By Deborah Lohse
If you’re a fan of shopping online and then picking up your items in the store, stop by and thank Santa Clara University professor of marketing Kirthi Kalyanam.
Research by Kalyanam and four co-authors was key to proving, way back in 2013, that digital search advertising is a tactic that can benefit retailers not just online, but enterprise-wide. That revelation—proven in an award-winning and exceptionally rigorous study—helped contribute to the current proliferation of buy-online, pick-up-in-store (BOPIS) retail strategies, among other retailing innovations. Most importantly, it helped brick-and-mortar stores find a profitable way to compete in e-commerce.
“Brick-and-mortar stores desperately wanted to do e-commerce, but they wanted to do it in a way that played to their advantage and was profitable,” said Kalyanam. “They didn’t know what that sweet spot was,” he added.
Kalyanam and his team conducted the research from 2012 to 2013—the elementary school years of omni-channel e-commerce—showing that retailers would benefit far more than expected if they invested in digital search advertising. At the time, it was pretty easy to show that retailers who used digital ads for sweaters were succeeding in getting customers to buy those sweaters online.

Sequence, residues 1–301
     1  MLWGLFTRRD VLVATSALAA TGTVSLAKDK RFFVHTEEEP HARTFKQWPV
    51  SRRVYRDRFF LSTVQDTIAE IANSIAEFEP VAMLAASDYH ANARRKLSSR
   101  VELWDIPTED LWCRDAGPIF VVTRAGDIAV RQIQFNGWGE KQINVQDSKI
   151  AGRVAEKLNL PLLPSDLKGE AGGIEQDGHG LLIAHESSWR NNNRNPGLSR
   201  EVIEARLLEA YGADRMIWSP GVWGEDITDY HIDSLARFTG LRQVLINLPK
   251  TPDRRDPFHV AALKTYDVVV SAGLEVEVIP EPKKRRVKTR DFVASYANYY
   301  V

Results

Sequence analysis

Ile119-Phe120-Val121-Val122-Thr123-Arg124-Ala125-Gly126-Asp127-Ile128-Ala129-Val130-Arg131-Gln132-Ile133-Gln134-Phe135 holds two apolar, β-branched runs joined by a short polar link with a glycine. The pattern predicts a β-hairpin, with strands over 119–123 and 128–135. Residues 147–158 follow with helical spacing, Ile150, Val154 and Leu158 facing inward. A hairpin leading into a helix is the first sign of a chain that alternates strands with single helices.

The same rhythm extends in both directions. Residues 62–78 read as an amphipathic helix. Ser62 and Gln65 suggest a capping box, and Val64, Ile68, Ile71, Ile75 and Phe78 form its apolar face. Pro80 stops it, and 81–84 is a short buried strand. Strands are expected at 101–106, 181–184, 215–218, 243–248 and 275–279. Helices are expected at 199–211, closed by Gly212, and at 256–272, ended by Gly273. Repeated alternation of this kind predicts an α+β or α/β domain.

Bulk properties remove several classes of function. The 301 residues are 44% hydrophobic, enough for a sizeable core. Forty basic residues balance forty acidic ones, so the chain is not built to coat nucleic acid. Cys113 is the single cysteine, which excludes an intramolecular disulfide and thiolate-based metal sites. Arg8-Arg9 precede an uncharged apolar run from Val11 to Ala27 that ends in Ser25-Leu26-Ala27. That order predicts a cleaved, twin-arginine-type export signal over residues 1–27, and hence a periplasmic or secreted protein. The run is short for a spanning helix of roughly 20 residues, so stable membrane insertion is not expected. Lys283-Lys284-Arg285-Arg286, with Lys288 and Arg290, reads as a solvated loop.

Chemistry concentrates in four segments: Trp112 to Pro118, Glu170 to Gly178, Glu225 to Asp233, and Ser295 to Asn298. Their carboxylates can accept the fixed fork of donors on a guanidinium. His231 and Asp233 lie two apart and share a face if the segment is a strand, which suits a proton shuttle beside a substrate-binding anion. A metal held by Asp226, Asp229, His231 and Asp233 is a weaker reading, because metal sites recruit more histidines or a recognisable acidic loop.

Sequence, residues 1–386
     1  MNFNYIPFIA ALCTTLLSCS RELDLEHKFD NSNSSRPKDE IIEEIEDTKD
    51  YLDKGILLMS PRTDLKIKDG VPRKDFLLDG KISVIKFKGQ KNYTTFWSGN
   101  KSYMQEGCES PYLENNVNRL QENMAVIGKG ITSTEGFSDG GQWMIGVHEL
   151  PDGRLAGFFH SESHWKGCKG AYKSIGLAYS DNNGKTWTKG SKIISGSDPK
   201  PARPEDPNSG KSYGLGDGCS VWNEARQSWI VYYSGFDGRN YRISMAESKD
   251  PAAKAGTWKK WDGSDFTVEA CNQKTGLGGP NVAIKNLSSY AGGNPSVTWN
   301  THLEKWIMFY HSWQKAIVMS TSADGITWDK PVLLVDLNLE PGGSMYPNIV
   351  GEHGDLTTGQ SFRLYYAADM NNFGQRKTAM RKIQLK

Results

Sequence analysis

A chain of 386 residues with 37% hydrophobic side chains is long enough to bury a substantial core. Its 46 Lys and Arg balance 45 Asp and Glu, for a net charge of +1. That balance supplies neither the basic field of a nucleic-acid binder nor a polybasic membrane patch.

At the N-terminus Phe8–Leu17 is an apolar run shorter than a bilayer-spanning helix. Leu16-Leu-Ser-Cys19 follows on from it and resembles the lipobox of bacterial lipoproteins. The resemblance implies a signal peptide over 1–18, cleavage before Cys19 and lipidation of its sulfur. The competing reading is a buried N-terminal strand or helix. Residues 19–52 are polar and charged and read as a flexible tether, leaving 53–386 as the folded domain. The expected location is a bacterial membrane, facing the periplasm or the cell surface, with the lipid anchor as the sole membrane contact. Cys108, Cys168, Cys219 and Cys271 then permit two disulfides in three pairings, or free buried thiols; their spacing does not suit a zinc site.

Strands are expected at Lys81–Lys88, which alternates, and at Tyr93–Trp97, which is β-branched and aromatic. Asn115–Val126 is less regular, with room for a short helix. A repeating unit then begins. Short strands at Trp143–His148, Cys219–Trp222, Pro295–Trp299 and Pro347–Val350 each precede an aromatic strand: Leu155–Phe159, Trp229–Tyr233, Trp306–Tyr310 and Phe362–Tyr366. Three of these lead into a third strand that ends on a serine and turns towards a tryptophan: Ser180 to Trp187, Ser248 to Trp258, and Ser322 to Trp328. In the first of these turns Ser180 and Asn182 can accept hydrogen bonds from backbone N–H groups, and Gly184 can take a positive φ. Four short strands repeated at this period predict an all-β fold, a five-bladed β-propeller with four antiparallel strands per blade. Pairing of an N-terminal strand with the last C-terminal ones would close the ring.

What was far harder to show was that retailers who invested in digital advertising were also benefiting their “overall enterprise,” meaning customers were shopping more with them both online and in their stores. To do that sort of study, researchers had to conduct careful field experiments that isolated the enterprise-sales effect.
That is where Kalyanam and his team succeeded.
With clinical-trial-level rigor and analysis (thanks to having two biostatisticians on the team), they studied the effects of digital advertising across channels for 15 major retailers. The study was so reliable that major retailers began adding significant resources to the online-to-in-store sales model connection.
But back in 2013, it wasn’t so clear. Retailers weren’t ready to commit to heavy digital-advertising models for the benefit of the enterprise.
“We had a lot of explaining to do to a lot of people, to show why this was so important,” said Kalyanam.
The study, Cross channel effects of search engine advertising on brick & mortar retail sales, was conducted by Kalyanam; John McAteer, a vice president at Google; Jonathan Marek of Predictive Technologies; as well as clinical researchers from the world of biostatistics— James Hodges and Lifeng Lin from the division of biostatistics at the University of Minnesota.
Their paper recently won what could be considered the Academy Award for marketing papers: the Dick Wittink Award for being among the best papers published in Quantitative Marketing and Economics Journal in 2019.
Prof. Kalyanam’s work “offers credible and generalizable insights that are valuable to both industry practitioners and academics,” said Quantitative Marketing and Economics editor Gunter Hitsch. “A similar focus on generalizability or external validity is very rare in the literature,” he added.
Nov 8, 2019
Prof. Kirthi Kalyanam